IT'S FLU SEASON ALREADY????

As if everyone isn't tired enough of the warnings, of wearing a mask and of social isolation now it's time for the good old flu season! So what do we need to know about the flu this year?

Every year in America there are millions of people affected by the flu or influenza as it is also called. During the 2016-2017 through 2018-2019 flu seasons, the Centers for Disease Control and Prevention (CDC) estimated that flu caused 29-45 million illnesses and 34,000-61,000 deaths in each of those seasons. You put those numbers along side of the Covid-19 that is already taking a toll on the health of the public in the United States and it is obvious that our best protection is to take the annual flu/influenza vaccination. 

So here are the CDC's recommendations for 2020-2021 flu/influenza season.

Who Should Get an Influenza Vaccination?

CDC and the Advisory Committee on Immunization Practices (ACIP) continue to recommend annual influenza vaccination for everyone 6 months of age or older who does not have contraindications. Any licensed influenza vaccine appropriate for age and health status can be used.

Vaccination is especially important for young children, older adults, pregnant women, and people of all ages with a chronic medical condition.

When To Get the Vaccination?

 The CDC and ACIP recommend that the vaccination be given by the end of October 2020. The preference is that the vaccine be given before the start of flu/influenza cases being seen in the community. However, if you miss this time frame you still need to get the vaccine as long as it is available.

Of special consideration is the fact that children 6 months through 8 years of age will need two doses of influenza vaccine this season. Children in this age group who have not previously received two or more total doses of any flu/ifluenza vaccine before July 1, 2020, or whose vaccination history is not known need two doses of 2020-2021 influenza vaccine administered at least 4 weeks apart. Children in this age group who have received two or more total doses of influenza vaccine before July 1, 2020, need only one dose for this season.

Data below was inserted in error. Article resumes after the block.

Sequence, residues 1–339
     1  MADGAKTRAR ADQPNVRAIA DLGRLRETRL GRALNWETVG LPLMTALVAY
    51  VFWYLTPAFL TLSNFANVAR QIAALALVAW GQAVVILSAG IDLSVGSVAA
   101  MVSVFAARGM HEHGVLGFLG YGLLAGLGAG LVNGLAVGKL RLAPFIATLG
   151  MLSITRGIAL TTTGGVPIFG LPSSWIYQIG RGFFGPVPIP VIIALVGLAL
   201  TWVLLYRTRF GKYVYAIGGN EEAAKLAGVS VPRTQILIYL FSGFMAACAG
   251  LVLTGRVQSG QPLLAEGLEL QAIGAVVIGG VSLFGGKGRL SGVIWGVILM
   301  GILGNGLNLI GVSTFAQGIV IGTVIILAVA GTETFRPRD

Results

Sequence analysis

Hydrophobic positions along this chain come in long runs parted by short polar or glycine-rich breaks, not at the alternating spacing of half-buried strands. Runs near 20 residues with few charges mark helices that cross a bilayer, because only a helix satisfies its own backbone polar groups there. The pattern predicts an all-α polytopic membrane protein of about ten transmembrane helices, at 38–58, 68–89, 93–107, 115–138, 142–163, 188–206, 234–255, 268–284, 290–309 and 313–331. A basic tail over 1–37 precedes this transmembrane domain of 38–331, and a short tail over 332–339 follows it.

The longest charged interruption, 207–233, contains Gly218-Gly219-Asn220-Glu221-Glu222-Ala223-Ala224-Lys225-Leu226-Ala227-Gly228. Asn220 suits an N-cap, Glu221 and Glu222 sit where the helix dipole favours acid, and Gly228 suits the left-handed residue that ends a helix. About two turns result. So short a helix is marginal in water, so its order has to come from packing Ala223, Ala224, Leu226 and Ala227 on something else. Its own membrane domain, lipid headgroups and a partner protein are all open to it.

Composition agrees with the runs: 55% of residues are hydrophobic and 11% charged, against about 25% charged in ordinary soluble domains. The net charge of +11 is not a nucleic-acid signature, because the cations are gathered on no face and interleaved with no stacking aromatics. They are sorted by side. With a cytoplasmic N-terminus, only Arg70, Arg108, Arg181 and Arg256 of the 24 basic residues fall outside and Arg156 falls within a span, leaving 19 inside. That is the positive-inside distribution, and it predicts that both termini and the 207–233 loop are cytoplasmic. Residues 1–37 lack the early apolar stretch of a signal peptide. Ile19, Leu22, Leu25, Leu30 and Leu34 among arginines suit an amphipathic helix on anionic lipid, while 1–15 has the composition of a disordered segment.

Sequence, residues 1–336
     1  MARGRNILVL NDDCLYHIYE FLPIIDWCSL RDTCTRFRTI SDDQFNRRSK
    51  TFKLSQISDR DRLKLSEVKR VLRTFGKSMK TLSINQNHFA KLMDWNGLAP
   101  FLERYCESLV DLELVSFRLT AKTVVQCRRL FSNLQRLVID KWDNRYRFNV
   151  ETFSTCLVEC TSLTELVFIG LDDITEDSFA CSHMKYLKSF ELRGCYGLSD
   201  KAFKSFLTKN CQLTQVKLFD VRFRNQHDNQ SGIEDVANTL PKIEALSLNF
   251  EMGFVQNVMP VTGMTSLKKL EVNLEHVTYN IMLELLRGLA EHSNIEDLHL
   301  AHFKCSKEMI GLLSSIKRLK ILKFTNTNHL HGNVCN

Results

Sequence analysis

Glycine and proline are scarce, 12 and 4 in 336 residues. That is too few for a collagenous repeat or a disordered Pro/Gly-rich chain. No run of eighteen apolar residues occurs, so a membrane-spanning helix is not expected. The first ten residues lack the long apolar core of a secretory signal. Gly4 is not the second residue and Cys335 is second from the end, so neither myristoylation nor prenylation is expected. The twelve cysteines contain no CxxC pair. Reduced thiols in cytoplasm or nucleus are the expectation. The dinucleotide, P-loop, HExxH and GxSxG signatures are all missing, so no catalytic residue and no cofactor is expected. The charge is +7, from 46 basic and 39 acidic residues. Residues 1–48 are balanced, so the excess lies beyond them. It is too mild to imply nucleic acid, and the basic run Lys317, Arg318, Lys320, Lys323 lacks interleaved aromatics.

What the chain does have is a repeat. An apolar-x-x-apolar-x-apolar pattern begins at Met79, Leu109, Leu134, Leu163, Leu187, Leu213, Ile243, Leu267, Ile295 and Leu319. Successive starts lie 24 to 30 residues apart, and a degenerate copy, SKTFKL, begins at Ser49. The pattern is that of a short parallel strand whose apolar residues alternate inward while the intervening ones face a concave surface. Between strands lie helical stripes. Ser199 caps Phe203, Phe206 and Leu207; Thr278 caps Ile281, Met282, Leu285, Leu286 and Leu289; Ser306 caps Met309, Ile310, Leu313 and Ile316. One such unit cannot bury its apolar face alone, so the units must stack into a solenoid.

What's New This Season?

There are two new influenza vaccines have been licensed for use in people aged 65 years and older: a quadrivalent high-dose influenza vaccine and a quadrivalent adjuvanted influenza vaccine. Previously the high-dose and adjuvanted   influenza vaccines were only available in trivalent formulations.

What If You Have COVID-19?

For patients with confirmed or suspected COVID-19 who are already in a medical care setting, clinicians can consider delaying vaccination until the patient is no longer acutely ill. Moderate to any severe active illness, with or without fever, is a precaution for vaccination. People with suspected or confirmed COVID-19 who are isolating at home or in any other nonmedical settings (with or without symptoms) should not go to medical settings for routine vaccinations until they meet criteria to come off isolation, in order to avoid exposing others in the vaccination setting.

The complete 2020-2021 influenza season recommendations are available on the CDC website.

Be Smart - Protect Yourself and Your Loved Ones
Get Your Flu Shot!